Antibiotic shows promise in fighting deadly staph infections

"Despite a lot of work in medical science, complicated staph infections still have a 25% mortality rate at 90 days," says Vance G. Fowler, Jr. "We need more options for treating these infections." (Credit: Marcelo Leal/Unsplash)

An antibiotic that has shown effectiveness for bacterial pneumonia also appears successful in fighting methicillin-resistant staph infections, researchers report.

The drug, ceftobiprole, showed similar benefit when tested against the antibiotic daptomycin to treat complicated Staphylococcus aureus bacterial infections. If approved by the FDA, ceftobiprole could provide another line of defense against a common and often deadly bacterial infection.

“This is an area of true need,” says Thomas Holland, associate professor in the medicine department at Duke University School of Medicine and chair of the data review committee of the study that is published in the New England Journal of Medicine. “There has not been a new antibiotic approved for the treatment of S. aureus bacteremia for over 15 years.”

For the study, researchers enrolled 390 patients with complicated staph infections at 60 sites in 17 countries from August 2018 through March 2022. They randomly assigned roughly half to receive infusions of ceftobiprole and treated the other half intravenously with daptomycin.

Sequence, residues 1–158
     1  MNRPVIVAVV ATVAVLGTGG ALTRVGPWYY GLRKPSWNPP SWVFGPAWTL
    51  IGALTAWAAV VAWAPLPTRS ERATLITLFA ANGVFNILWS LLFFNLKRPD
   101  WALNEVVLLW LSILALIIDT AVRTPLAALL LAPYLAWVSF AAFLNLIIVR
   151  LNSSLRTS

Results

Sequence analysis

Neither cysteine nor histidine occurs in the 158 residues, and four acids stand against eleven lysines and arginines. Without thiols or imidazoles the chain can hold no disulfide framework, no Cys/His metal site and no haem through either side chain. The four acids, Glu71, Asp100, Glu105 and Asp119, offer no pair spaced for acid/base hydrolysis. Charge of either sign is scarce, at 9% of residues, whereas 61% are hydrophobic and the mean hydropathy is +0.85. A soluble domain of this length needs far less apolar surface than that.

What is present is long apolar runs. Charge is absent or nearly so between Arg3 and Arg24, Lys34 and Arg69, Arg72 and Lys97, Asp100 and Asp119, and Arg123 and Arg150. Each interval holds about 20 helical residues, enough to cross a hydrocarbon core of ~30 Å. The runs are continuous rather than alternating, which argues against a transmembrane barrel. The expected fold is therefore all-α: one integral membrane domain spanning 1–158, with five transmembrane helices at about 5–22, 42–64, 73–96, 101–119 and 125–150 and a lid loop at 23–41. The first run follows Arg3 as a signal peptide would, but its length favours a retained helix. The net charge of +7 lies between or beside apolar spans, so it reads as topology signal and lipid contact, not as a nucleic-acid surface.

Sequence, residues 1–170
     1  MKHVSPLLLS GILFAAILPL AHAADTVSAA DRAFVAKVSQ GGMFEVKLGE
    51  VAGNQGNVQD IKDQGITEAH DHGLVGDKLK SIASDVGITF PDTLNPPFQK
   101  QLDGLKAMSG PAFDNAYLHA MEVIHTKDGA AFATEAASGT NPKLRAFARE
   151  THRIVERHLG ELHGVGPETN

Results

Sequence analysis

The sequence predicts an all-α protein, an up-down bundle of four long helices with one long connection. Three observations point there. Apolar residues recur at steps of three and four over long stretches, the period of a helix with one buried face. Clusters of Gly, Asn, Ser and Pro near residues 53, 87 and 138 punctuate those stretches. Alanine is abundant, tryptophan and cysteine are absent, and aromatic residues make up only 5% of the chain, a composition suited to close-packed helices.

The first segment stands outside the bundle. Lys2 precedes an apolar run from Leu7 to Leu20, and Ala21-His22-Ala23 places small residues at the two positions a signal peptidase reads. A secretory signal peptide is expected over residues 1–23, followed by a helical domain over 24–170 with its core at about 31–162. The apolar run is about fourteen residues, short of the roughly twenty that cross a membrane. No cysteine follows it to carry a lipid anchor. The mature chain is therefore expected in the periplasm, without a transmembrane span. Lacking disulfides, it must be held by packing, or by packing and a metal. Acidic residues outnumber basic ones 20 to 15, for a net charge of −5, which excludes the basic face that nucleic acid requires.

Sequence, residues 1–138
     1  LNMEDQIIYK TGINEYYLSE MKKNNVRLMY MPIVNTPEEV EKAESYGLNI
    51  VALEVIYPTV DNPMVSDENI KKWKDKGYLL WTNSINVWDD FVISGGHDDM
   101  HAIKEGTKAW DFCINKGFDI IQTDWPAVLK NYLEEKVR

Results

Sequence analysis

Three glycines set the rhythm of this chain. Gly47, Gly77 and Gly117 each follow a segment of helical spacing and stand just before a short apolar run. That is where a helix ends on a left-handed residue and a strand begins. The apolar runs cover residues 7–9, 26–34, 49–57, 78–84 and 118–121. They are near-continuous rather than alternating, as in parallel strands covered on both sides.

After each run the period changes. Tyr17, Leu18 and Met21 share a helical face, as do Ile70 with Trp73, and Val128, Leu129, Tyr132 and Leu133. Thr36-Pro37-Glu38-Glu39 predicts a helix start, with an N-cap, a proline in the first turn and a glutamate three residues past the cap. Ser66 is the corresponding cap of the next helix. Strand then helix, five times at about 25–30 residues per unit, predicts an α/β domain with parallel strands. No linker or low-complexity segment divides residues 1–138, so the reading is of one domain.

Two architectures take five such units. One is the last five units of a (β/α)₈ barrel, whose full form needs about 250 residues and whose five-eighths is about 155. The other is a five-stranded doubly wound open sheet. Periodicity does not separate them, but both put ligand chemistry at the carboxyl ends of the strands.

The primary outcome was overall treatment success, which required survival, clearance of the bacteria from the bloodstream, symptom improvement, and no new bacterial complications 70 days after treatment. Safety was also assessed.

The study found that both antibiotics performed similarly. Of the ceftobiprole group, 69.8% of patients experienced overall success, compared to 68.7% in the daptomycin group. Both drugs were also similarly tolerated, with gastrointestinal issues being the most common side effect.

“Despite a lot of work in medical science, complicated staph infections still have a 25% mortality rate at 90 days,” says coauthor Vance G. Fowler, Jr., professor in the medicine and molecular genetics and microbiology departments. “We need more options for treating these infections.”

The study received funding from the Department of Health and Human Services, Office of the Administration for Strategic Preparedness and Response, and Biomedical Advanced Research .

Source: Duke University